Are you too busy to fundraise?

A special column for nonprofit leaders

The most valuable gift may be the gift of time. While we give the gift of our time through our actions, we cannot actually give anyone an extra hour. We all get 24 hours a day. No more.

Yet many of us are so busy it feels as if there isn’t enough time. In the nonprofit sector this manifests as “too busy to fundraise.” Very few people will say it out loud, but their actions are a clear communicator.

Here are a few of the common phrases we have heard in conversation over the years. “If I just had more hours in the day,” “I need more time” and all-time conversation starter “I’m just so busy.” We get it! Life is full.

But busyness can get in the way of fundraising. People are not ATM machines. Identifying, cultivating, and sustaining relationships with donors and funders takes time. And, for nonprofit leaders it should be a priority. It’s just not something you can delegate. Yes, you can have a development director – you may even have a team of professional fundraisers. But that doesn’t mean you are not the Chief Fundraising Officer. If yours is a small, grass roots or emerging organization it is even more important that you make the time for fundraising.

When leaders are too busy to fundraise we have a few suspicions about why that might be. Here are a few:

  • You don’t like to fundraise.
  • You lack understanding of the business and art of fundraising.
  • You don’t have a clear understanding of your role and responsibilities.
  • You have not yet embraced the idea that you are the chief fundraiser for your organization.

Luckily there are indicators that can shed light on this situation. Our unscientific study has identified ten indicators that you may be too busy to fundraise. Are any of the following familiar?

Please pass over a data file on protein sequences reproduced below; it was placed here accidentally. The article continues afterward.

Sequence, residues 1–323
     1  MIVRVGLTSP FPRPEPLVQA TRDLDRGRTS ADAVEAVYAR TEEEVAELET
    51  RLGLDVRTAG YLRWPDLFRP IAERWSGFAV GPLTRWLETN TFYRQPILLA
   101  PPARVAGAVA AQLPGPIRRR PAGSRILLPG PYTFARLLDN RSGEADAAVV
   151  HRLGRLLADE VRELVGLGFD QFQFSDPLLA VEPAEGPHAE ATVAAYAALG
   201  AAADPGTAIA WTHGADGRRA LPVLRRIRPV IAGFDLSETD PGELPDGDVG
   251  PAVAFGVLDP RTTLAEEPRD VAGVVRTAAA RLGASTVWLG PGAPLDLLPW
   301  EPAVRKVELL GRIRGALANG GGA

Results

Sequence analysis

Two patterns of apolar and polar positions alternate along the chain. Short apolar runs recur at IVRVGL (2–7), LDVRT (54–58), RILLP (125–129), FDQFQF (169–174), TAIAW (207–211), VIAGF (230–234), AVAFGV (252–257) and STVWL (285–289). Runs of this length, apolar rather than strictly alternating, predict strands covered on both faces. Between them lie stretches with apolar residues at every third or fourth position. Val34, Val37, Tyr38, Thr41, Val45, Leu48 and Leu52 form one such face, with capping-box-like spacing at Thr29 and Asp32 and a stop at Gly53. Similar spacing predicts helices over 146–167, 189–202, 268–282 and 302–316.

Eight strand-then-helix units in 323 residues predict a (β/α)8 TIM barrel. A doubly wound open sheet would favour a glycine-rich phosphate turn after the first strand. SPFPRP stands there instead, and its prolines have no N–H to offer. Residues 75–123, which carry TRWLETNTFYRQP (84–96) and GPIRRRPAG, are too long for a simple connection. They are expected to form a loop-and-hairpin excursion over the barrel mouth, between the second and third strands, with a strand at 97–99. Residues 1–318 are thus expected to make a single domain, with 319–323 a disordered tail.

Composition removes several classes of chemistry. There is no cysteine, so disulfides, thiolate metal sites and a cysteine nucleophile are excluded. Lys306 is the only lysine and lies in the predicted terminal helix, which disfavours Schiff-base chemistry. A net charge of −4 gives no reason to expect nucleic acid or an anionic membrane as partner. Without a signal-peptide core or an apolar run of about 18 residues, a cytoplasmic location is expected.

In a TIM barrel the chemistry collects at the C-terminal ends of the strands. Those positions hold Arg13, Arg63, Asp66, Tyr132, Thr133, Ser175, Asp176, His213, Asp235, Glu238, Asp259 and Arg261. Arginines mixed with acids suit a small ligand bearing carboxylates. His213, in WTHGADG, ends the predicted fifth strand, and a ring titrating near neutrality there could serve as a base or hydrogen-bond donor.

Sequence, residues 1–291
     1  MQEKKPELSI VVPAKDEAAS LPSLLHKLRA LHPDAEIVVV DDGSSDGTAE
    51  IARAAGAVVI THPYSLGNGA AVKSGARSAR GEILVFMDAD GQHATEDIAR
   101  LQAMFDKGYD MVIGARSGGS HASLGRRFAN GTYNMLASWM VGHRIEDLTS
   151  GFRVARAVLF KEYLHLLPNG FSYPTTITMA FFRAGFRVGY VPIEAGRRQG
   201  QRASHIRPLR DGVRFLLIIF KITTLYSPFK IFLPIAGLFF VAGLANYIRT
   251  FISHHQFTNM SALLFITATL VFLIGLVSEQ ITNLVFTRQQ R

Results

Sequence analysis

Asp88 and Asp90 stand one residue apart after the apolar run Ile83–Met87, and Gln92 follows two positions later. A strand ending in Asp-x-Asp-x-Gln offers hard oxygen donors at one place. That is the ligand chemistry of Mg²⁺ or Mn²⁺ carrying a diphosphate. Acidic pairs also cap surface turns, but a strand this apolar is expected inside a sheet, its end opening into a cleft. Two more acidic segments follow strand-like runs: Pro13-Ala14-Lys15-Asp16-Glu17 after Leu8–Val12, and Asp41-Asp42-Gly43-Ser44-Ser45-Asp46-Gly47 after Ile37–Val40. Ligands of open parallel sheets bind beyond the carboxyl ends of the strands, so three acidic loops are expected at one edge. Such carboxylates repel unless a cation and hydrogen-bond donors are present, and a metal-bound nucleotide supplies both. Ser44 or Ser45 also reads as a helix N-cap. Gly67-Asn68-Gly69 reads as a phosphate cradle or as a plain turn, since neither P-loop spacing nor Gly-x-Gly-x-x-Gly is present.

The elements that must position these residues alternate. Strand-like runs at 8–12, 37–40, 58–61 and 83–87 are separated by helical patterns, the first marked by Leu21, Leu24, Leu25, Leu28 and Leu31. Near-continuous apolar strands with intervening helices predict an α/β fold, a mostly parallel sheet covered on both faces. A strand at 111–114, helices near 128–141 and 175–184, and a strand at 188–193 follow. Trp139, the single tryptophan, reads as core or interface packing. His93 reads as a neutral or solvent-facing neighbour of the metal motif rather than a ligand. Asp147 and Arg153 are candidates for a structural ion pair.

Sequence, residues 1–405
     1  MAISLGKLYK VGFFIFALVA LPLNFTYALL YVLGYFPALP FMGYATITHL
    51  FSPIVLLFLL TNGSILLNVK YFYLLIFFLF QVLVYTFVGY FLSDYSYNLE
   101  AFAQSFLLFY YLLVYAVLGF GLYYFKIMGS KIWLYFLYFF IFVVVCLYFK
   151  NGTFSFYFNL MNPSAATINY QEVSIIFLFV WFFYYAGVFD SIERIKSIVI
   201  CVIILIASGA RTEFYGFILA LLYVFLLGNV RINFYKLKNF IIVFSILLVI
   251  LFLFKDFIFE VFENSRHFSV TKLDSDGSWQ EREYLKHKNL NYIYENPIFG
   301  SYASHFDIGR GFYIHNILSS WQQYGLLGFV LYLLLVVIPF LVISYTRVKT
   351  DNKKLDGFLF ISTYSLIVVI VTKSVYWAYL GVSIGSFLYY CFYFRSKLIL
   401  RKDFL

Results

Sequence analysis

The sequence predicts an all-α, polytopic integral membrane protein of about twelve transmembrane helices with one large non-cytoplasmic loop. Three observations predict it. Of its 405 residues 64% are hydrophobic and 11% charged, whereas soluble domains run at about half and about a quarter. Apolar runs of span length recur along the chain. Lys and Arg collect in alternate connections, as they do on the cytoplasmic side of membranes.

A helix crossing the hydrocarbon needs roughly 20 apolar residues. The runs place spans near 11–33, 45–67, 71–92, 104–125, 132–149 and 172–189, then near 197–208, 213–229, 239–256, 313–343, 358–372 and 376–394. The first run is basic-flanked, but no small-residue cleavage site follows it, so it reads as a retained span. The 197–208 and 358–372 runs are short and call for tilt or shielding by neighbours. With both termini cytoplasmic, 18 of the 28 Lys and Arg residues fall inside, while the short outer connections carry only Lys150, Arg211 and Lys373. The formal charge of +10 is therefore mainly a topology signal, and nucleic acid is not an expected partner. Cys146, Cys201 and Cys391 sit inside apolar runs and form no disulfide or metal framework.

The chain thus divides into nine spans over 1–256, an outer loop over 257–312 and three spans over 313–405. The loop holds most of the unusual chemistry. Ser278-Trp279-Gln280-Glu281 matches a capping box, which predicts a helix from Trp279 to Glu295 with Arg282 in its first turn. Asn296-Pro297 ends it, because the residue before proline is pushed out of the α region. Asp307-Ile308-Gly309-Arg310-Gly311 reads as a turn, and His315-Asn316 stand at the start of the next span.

1. Unable to return calls in a timely manner
  2. Lack of trust in staff and volunteers
  3. A tendency to micro manage
  4. Unable to set priorities
  5. Absence of a plan “B”
  6. Not able to focus – easily distracted
  7. Unable to embrace new ideas and let staff and volunteers run with them
  8. No time to spend time with top donors and prospective funders
  9. Lack of planning
  10. Lack of accountability and transparency

Once you realize these “indicators” get in the way of fundraising you can do something about them. The truth is that time keeps passing, and fundraising is something that needs to be tended to every day. But, it doesn’t all rest on one person’s shoulders. When you learn to trust staff and volunteers there are more people to help your organization achieve its fundraising goals. The same goes with learning to embrace new ideas and letting others run with them. Yes, these involve risk. But they are also ways to engage those closest to your organization in the important work of fundraising.

Don’t make excuses – get busy fundraising! You have enough time.


Copyright 2017 – Mel Shaw and Pearl Shaw, CFRE

Mel and Pearl Shaw are authors of four books on fundraising available on Amazon.com. For help growing your fundraising visit http://www.saadandshaw.com or call (901) 522-8727.

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